Saturday, 14 August 2010

All at sea

I decided to spend the early afternoon sea watching at Cresswell.

Big movement of Kittiwakes; in the hour I watched between 14:00 and 15:00 there were at least 1500 Kittis moving north and around 500 Gannets.

Had a good chat with a guy from Sunderland who was extolling the virtues of Whitburn for sea watching, they've had a good few days this week. He was telling me that a Cory's has been reported passing north Norfolk and quipped that, at the pace they go, we need to be looking out in Northumberland in about two weeks time.

Plenty of Sandwich and Common Terns and a smattering of waders. The tide was out, so anything passing was some way out. Still not managed to pick out a Rosie.

Just as I was leaving, four Manx moved north.

Next stop, East Chevington. Lots of Lapwings, a Greenshank and a Black T Godwit. Sandwich and Common T coming in to bathe and preen. One young Sandwich seemed to pursue any passing adult with expectant open beak, but it was largely ignored and it's call got louder as the afternoon passed.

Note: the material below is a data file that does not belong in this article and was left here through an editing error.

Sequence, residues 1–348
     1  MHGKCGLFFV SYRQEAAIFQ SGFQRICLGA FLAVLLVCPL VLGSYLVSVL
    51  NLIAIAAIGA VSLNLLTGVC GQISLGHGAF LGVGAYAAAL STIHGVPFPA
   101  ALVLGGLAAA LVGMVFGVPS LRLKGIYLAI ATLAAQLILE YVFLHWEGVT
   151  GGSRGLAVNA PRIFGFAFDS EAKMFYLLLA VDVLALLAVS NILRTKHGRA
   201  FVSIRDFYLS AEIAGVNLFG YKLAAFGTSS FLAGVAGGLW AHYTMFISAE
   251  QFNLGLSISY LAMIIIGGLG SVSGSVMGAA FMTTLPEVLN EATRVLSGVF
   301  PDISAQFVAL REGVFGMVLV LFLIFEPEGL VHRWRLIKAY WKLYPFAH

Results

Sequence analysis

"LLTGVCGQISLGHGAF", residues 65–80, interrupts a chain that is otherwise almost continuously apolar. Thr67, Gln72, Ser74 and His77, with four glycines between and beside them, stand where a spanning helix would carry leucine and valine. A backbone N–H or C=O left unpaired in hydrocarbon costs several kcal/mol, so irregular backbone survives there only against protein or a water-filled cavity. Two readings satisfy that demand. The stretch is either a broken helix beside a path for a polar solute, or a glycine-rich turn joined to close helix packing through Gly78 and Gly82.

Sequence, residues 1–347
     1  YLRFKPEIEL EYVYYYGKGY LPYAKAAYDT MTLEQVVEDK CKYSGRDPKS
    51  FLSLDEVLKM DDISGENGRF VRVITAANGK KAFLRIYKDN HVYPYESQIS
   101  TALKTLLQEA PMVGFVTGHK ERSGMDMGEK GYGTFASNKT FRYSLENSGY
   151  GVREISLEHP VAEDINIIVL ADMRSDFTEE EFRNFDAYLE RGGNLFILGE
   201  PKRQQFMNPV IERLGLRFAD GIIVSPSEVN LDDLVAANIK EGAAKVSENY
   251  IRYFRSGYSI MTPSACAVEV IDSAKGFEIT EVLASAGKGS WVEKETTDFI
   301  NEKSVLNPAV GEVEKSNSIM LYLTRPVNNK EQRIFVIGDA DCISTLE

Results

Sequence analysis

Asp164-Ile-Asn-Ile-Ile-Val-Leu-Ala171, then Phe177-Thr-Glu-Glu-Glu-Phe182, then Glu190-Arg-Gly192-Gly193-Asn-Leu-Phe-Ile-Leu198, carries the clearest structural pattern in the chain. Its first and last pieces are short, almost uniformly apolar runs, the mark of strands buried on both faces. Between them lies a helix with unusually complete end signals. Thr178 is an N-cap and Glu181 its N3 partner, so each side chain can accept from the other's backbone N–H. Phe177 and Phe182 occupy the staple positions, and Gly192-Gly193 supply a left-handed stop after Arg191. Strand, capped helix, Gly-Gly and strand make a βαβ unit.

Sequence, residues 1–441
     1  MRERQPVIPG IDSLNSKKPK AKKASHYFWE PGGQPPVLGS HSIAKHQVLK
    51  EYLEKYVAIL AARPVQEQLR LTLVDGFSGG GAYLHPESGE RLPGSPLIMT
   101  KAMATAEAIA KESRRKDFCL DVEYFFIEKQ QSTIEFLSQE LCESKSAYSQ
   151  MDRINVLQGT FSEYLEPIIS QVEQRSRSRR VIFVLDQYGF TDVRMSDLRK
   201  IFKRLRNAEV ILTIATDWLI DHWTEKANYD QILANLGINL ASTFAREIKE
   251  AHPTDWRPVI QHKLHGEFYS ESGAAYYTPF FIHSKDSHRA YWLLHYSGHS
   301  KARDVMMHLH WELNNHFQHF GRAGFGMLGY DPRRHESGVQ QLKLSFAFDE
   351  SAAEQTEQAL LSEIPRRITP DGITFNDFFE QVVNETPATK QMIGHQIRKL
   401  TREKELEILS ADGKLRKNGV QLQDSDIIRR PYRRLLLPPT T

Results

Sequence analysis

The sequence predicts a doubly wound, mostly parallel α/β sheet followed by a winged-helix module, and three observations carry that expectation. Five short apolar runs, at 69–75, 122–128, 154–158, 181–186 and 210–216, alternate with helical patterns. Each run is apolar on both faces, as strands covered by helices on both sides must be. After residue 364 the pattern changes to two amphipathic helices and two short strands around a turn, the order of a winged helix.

At about 15:30 a loud 'crek crek' came from the undergrowth somewhere the left of the hide nearest to the road. Now, had I been in Scotland I would have been excited by the thought of Corncrake; but the ones that I have heard in Scotland go on for ages. Twenty minutes later another 'crek crek' from the same area. Unless anyone else has been and heard the same call it will have to remain a might have been.

The highlight at Chevington was a Little Gull. A young couple came in to the hide as I was leaving and were excited by the prospect of seeing of Little Gull. I pointed them in the right direction, picking out a Sandy that was flying towards the Gull which then, bizarrely, seemed to land on the Little Gull's back. In fact it was on a stone just behind the LG, but a remarkable coincidence nevertheless.

Three GC Grebes at the far side of the lake. Two of them with a confused internal calendar displaying frantically to one another.

A C Whitethroat was still singing in the lane to Chevington; testimony to the warmth of the bright sunshine that added to a very enjoyable afternoon.

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